Pension Crisis Can Be Solved
By Leo Knepper
Most people have heard the term Ponzi scheme and have a vague sense that the victim of the scheme is getting ripped off. In an actual Ponzi scheme, early investors see a substantial return on their investment. What they don’t realize is that the money they are getting is money being put into the investment by new investors. The system continues working as long as enough new investors come in to pay the people who were there before them. The architect of the scheme, never admits that this is what is happening and eventually the system collapses.
As noted by Chris Comisac at Capitol Wire (paywall), the description of a Ponzi scheme and a description of the state pension system by House Minority Leader, Rep. Joe Markosek are remarkably similar. In a recent email Rep. Markosek said:
“If Pennsylvania decided that 18 blue moons from now it would no longer offer retirement benefits for teachers and state employees … And the commonwealth’s debt was still $65 billion … Taxpayers would still be ‘on the hook’ to pay that $65 billion. BUT … Teachers and state employees would no longer be contributing their share (something they’ve always done while policy officials haven’t, until this fiscal year) and it would take taxpayers even longer to pay down that bad pension puppy.”
In other words, money coming in now is paying the unfunded liability; without that new money, we wouldn’t be able to pay people who are about to retire. When Comisac followed up with Rep. Markosek’s staff, they were quick clarify the statement and make sure that everyone knew that the Representative didn’t mean it was a legalized Ponzi scheme.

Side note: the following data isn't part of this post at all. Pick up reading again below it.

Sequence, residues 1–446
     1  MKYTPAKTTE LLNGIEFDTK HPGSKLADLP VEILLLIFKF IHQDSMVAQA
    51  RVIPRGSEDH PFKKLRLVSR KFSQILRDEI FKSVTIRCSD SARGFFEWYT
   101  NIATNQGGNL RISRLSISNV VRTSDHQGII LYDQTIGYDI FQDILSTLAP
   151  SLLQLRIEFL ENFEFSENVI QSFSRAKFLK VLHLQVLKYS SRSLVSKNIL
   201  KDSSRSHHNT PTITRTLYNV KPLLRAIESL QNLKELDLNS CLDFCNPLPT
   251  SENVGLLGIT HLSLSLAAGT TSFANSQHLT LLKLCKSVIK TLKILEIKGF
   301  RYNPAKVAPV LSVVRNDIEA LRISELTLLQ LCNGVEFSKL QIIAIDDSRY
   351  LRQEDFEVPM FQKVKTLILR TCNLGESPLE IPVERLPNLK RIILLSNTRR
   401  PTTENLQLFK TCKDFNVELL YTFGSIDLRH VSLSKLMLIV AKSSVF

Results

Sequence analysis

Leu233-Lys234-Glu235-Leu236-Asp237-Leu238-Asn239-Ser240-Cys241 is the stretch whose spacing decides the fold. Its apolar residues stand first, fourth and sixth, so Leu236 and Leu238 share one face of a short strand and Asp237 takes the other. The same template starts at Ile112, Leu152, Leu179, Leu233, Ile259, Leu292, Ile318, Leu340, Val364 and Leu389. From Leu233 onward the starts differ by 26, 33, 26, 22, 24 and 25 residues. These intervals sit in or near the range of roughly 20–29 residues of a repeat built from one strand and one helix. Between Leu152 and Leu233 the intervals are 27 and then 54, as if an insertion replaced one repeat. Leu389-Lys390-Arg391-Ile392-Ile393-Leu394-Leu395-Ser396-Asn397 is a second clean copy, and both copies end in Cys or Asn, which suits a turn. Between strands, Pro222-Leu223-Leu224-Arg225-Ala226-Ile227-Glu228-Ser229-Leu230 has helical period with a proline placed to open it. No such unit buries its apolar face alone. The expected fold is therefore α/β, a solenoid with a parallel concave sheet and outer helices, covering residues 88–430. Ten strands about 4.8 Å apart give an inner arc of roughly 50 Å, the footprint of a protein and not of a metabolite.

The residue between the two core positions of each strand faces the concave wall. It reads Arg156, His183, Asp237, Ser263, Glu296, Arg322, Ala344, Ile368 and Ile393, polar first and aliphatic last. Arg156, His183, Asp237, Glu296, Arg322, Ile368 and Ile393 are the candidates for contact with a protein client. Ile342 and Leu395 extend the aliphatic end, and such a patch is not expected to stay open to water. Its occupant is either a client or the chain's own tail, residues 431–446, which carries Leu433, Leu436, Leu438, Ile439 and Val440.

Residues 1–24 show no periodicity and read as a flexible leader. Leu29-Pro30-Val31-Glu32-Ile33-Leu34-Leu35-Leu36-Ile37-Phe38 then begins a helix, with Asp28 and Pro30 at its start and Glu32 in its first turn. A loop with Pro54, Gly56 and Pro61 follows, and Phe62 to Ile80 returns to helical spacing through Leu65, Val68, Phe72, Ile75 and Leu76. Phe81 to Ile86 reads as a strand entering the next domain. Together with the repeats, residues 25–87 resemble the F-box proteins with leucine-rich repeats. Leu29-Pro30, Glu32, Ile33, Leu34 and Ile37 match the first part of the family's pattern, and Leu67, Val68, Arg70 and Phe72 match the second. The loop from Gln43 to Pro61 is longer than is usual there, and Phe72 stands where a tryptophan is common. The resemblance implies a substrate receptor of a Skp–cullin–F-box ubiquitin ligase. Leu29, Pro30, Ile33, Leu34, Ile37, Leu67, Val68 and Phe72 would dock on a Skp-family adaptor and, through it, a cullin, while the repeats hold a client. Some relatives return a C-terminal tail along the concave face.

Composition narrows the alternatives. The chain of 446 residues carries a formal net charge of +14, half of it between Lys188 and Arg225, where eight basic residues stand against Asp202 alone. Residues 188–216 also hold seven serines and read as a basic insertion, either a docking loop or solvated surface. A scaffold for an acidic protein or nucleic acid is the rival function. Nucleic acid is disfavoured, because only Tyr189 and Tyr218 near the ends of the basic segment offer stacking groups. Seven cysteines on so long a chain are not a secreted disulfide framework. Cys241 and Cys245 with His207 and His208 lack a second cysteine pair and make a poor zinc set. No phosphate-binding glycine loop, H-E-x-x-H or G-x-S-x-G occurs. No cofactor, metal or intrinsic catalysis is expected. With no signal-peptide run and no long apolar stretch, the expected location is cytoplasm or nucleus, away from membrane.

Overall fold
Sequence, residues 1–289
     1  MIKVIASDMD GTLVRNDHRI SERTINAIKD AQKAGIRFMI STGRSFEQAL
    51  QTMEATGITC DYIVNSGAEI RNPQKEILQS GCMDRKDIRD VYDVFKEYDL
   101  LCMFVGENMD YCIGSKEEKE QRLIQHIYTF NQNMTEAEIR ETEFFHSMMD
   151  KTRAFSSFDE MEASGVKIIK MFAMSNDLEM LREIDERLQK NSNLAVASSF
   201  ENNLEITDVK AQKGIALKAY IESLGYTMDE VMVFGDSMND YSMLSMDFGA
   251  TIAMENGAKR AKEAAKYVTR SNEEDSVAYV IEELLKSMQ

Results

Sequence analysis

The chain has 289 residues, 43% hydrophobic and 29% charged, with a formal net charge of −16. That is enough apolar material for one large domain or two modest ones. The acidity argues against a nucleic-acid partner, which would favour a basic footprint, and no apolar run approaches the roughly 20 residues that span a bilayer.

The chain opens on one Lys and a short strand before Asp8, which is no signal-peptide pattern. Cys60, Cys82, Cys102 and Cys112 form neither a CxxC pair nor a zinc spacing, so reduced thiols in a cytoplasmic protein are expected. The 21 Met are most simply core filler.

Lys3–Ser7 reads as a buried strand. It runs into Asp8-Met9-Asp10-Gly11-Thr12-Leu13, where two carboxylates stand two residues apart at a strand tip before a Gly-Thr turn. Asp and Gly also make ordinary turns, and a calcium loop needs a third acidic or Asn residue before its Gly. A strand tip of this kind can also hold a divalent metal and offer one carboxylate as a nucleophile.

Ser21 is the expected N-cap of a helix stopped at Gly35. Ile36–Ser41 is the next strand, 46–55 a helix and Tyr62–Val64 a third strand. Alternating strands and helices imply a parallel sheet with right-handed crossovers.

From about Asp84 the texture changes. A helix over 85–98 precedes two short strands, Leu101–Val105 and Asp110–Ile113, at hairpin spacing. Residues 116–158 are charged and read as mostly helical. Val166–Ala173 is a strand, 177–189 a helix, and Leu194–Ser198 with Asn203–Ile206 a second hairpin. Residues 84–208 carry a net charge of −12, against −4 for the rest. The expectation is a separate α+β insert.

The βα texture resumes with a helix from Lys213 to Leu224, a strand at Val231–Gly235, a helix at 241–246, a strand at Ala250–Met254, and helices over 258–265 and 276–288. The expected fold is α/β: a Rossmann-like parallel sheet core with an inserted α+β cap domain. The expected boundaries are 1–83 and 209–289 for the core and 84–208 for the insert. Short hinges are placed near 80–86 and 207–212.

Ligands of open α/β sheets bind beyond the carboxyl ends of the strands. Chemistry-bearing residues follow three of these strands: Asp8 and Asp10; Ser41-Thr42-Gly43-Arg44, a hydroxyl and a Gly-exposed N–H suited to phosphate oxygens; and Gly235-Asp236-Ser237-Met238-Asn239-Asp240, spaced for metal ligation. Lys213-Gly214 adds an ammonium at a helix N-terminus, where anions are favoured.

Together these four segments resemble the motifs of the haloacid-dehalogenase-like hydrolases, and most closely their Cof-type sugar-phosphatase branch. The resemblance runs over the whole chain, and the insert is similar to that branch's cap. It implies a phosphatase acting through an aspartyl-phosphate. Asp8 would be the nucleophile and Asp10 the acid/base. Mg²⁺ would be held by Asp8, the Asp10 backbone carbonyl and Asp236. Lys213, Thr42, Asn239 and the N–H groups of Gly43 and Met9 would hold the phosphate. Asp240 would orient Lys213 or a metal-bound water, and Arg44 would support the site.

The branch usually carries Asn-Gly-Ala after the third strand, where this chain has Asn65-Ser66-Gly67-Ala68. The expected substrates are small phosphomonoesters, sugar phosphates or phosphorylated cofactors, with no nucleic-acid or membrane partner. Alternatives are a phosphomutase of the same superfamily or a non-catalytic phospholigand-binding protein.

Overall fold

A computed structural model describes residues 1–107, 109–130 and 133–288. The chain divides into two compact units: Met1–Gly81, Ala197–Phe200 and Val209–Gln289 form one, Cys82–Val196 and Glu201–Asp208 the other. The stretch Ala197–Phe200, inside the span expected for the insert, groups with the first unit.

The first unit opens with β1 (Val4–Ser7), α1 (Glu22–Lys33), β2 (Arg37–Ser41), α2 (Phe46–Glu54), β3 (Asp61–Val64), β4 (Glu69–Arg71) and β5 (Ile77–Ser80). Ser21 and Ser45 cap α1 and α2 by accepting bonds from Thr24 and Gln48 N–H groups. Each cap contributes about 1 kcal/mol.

It is worth looking at a longer excerpt from Comisac’s analysis to drive home exactly what is going on; the emphasis is CAP’s:
“However, the claim that closing the current defined benefit plan, either to completely eliminate the DB plan for new employees or replace it for new employees with something like a 401(k)…would bring about the collapse of the closed DB [defined benefit] plan is simply ridiculous.
“First, the systems are currently in a state of negative cash flow, meaning, just like Fox wrote, “the systems must liquidate assets to pay bills,” and that’s with no closing of the plans or changes by SERS and PSERS to their pension assumptions – just the bad funding policies the systems currently employ.
“Second, closing the system doesn’t limit cash flow into the system any more than it’s currently being limited by not closing the system.
“If the DB plans were closed, the people in that plan at the time of closure would continue to contribute to their plan (as well as their employer on their behalf), with no additional funding needed from any of the people to be hired in the future who would be in a different retirement plan.
“Of course if that closed plan employs unsustainable assumptions upon which all the contribution rates for employees and employers are based, well then there could be a big problem – but that has nothing to do with the plan being closed and everything to do with how the plan was designed.”
That last part is why CAP has been adamantly opposed to a “hybrid” pension plan that combines defined benefit (DB) and defined contribution (DC) elements. Some politicians and government union officials bring up the specter of “transition costs” as a reason to avoid switching to a pure 401k style DC plan. They’ve never once given an example of a private sector employer citing transition costs as a reason to keep offering pensions. A DC plan is the best way to protect beneficiaries and taxpayers.
As long as there is a DB plan, politicians will control what constitutes fully funding and what assumptions are made to determine liability. There is nothing to stop the General Assembly from making politically-driven assumptions about return on investment, life expectancy, and other factors that impact the liability. The further politicians deviate from reality in an attempt to enrich themselves and other government employees, the more likely it is that the money won’t be there to pay for their promises. Promising a lavish retirement is much more likely to get you votes than paying for it will. And, that bill is coming due.